The door is sculpturally very imposing. The carving is beautiful, and the patina is superb. Its graceful, stately style shown belongs to an earlier period of Balinese art and architecture, which is both powerful and understated. According to Carpenter (2016), most such doors were replaced by the Balinese as the various pavilions fell into disrepair, and were sold to foreign visitors from the early 1930s onwards. They are now extremely rare on the island. The door here stands out in contrast to more elaborate modern versions which tend to have overly profuse decoration, excessive gilding and perhaps overt Chinese influence with little or no obvious patina and age.
It has come from a private collection in Ireland. The set seems to have been in Ireland for so long that its origins had become obscured; the previous owners had thought that the doors were Indian. It is likely that the door came to Europe during the age of steamship travel. The emergence of steam travel between Asia and Europe occurred around 1870. Steamships were bigger and faster and had much greater capacity to carry cargo. It is around this time onwards (until the advent of air passenger travel) that passengers suddenly were able to bring large items back to Europe collected on their travels. The opening of the Suez canal on 1869 further encouraged this trend which allowed travel by steamship to be faster and cheaper.Baird, C., ‘Captain Thomson’s letter: A discussion on ‘China Trade’ furniture with particular reference to the port of Singapore’, Furniture History, Vol. 45, 2009.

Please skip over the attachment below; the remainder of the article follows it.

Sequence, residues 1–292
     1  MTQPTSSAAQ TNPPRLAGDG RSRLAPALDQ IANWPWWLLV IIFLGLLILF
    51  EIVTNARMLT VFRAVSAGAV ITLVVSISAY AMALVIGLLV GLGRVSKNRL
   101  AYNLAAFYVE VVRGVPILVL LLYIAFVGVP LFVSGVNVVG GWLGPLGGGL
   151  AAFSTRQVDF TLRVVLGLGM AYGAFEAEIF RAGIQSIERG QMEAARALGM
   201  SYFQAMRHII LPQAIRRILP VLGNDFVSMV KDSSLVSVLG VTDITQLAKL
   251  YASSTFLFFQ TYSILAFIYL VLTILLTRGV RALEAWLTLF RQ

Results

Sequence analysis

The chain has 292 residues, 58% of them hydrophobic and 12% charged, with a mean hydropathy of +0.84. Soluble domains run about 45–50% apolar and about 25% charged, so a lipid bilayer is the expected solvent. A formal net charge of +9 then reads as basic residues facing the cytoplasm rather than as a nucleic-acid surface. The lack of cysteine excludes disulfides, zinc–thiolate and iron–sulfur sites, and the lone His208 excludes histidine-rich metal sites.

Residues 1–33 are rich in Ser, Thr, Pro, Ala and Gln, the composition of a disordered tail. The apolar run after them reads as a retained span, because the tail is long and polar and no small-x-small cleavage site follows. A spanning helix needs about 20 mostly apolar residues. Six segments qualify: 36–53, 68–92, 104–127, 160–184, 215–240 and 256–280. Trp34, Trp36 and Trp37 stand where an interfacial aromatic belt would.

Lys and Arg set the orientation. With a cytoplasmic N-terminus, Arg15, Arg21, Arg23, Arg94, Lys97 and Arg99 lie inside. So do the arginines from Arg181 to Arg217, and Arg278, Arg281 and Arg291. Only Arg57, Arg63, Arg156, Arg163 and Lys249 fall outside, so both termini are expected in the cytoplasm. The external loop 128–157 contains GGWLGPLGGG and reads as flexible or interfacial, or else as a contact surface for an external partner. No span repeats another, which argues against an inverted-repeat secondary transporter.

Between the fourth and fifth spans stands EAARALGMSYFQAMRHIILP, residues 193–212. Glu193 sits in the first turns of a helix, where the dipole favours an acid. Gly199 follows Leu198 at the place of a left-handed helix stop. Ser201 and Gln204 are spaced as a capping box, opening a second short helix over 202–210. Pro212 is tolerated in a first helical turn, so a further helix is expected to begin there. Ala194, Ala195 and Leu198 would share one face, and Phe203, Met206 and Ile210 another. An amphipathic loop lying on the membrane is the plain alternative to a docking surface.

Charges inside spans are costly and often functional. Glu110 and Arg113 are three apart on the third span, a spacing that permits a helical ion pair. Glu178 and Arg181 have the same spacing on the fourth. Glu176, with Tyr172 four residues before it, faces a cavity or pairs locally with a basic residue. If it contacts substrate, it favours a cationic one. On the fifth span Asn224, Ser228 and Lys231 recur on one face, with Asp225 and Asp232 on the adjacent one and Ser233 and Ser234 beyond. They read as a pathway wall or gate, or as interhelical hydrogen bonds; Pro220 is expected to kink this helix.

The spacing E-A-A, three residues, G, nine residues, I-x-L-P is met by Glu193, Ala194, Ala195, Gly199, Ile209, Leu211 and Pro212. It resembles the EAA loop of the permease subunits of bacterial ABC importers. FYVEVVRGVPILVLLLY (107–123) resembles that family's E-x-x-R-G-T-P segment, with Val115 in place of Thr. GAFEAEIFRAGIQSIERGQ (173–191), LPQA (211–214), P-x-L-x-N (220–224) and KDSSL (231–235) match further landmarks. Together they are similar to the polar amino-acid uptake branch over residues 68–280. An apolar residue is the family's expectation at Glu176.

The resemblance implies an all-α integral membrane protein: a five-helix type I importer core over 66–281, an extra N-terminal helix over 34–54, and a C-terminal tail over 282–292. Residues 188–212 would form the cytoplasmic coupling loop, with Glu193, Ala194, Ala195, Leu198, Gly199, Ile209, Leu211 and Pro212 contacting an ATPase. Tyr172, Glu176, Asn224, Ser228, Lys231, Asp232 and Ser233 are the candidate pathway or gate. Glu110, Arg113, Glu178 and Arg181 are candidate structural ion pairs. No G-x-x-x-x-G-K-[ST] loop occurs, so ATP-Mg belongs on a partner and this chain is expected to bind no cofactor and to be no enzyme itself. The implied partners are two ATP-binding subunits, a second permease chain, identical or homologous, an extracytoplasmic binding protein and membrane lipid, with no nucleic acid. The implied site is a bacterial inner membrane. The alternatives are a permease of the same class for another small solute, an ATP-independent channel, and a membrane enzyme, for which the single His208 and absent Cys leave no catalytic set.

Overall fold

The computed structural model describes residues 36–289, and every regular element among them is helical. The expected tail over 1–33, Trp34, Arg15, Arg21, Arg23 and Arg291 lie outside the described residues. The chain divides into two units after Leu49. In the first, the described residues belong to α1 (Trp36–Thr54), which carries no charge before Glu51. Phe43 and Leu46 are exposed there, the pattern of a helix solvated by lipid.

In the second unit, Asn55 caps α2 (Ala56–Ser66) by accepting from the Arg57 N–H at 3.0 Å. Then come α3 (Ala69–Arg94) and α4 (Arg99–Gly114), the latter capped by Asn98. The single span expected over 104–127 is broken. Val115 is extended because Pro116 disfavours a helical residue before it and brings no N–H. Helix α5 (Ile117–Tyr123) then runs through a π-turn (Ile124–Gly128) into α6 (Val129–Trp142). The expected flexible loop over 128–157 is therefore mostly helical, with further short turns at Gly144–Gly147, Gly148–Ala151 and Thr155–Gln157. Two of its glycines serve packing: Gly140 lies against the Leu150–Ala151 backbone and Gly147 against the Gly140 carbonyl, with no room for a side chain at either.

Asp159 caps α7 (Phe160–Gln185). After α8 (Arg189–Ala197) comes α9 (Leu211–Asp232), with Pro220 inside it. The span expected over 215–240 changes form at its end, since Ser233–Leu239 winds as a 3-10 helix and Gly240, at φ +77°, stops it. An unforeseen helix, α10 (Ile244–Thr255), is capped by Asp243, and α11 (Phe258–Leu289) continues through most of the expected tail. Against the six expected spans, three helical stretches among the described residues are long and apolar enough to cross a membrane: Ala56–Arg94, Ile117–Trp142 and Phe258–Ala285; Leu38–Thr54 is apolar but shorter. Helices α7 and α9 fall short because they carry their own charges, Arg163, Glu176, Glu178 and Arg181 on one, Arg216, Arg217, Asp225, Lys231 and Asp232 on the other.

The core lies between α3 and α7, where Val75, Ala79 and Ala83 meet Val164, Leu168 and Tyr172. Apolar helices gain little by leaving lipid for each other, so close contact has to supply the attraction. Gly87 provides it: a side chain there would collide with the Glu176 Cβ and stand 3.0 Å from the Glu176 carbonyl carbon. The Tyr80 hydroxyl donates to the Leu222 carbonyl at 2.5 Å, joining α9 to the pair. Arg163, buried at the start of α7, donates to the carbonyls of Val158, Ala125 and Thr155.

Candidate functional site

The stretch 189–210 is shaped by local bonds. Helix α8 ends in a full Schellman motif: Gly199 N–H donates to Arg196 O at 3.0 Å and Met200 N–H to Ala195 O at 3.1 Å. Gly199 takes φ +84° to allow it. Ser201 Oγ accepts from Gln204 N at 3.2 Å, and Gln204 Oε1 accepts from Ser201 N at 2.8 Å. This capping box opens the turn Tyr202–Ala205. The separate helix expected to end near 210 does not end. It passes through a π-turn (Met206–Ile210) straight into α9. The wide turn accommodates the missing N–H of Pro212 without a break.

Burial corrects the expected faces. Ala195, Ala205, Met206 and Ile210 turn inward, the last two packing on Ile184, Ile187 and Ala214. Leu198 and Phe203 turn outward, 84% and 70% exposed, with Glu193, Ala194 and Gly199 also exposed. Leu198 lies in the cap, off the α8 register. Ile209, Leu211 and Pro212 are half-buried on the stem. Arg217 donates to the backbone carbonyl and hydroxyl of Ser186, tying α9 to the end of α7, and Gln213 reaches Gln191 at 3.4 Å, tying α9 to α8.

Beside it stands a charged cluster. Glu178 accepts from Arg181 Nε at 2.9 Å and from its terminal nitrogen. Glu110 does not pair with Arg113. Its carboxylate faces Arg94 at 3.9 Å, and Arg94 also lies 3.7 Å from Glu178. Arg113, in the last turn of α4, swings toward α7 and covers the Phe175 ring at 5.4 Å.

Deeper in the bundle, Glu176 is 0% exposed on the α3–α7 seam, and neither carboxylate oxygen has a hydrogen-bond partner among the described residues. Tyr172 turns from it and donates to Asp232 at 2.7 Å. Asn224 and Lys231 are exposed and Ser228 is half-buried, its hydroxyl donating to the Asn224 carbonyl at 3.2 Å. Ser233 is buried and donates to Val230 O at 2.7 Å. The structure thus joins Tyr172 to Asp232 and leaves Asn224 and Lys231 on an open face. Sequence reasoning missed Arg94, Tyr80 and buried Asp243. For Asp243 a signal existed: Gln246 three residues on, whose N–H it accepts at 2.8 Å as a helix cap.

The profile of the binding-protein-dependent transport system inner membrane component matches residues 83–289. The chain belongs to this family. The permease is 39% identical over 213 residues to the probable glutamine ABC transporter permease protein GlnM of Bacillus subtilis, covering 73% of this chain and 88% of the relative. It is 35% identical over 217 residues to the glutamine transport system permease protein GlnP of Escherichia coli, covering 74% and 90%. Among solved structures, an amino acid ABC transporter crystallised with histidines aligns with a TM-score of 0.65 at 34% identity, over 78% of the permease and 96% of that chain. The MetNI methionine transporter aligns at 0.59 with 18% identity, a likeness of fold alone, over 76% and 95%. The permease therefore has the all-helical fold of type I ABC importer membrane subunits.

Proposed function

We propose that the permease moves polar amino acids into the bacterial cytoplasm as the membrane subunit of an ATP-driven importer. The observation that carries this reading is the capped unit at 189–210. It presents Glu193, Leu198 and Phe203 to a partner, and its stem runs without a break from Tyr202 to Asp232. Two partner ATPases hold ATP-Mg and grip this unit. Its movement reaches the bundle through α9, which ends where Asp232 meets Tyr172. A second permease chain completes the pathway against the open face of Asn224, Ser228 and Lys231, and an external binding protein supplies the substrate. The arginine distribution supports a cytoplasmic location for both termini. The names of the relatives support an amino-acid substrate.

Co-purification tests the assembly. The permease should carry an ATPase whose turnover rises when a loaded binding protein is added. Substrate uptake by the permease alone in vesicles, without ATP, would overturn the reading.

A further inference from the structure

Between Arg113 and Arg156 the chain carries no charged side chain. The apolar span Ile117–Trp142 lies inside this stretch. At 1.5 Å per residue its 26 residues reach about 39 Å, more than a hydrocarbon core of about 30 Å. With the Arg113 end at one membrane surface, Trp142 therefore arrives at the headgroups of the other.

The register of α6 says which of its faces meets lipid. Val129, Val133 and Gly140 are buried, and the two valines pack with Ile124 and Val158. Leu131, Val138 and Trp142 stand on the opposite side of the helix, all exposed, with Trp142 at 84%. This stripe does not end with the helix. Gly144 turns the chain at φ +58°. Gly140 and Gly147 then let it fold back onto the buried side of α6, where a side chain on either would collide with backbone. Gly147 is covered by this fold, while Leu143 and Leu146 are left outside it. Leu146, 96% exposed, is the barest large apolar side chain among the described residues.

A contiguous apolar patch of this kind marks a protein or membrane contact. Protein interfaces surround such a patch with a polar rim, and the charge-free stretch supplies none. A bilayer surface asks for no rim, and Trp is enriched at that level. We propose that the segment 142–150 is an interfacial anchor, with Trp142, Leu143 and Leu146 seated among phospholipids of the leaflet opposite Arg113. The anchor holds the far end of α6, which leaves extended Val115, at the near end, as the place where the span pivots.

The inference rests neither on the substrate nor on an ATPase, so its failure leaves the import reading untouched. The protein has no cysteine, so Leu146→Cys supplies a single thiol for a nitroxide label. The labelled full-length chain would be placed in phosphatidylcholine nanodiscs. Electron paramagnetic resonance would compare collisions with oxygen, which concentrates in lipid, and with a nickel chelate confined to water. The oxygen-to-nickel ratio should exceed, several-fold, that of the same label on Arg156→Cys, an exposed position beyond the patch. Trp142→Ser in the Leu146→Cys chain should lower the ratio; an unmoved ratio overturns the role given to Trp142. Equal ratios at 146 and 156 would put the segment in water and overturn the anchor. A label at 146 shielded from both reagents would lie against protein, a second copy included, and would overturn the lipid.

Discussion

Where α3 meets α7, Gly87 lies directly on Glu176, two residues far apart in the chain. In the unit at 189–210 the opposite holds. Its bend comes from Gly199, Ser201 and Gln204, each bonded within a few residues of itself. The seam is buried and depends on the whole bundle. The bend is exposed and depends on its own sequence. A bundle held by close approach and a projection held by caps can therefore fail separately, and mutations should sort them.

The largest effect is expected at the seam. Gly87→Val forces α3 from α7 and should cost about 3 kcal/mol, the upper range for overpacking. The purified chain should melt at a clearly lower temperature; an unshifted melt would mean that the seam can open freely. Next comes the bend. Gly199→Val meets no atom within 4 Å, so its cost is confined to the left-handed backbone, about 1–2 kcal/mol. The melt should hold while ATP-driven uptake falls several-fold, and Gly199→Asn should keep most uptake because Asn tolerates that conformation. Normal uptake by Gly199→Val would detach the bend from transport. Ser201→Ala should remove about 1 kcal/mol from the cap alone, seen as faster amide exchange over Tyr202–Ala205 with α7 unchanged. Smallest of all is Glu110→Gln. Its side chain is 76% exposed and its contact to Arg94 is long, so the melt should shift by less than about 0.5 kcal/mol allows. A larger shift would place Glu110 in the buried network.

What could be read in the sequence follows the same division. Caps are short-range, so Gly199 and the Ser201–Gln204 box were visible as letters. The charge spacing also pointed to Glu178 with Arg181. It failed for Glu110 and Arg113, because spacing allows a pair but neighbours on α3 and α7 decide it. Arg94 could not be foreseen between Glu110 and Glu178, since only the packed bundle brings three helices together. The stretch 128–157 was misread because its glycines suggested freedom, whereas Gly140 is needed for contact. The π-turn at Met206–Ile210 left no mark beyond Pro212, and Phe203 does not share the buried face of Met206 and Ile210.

The last image shows the Great Door of the Puri Agung Semarapurar Palace, Klungkung, Bali (photographed, December 2014).
Baird, C., ‘Captain Thomson’s letter: A discussion on ‘China Trade’ furniture with particular reference to the port of Singapore’, Furniture History, Vol. 45, 2009.
Bennett J., Beneath the Winds: Masterpieces of Southeast Asian Art in the Art Gallery of South Australia, Art Gallery of South Australia, 2011.
Carpenter, B., pers. comm., April, 2016.
Genscher, H.D., & M. Kusumaatmadja, Java und Bali, Verlag Philipp von Zabern, 1980.
Ibbitson Jessup, H., Court Arts of Indonesia, The Asia Society Galleries/Harry N. Abrams, 1990.
Maxwell, R. et al, Bali: Island of the Gods, National Gallery of Australia, 2014.
Mrazek, R., Bali: The Split Gate to Heaven, Golden Press, 1989.
Ramseyer, U., The Art and Culture of Bali, Oxford University Press, 1977.
Reichle, N. (ed.),Bali: Art, Ritual & Performance, Asian Art Museum, 2010.
Wiener, M.J.,Visible and Invisible Realms: Power, Magic and Colonial Conquest in Bali, Chicago University Press, 1995.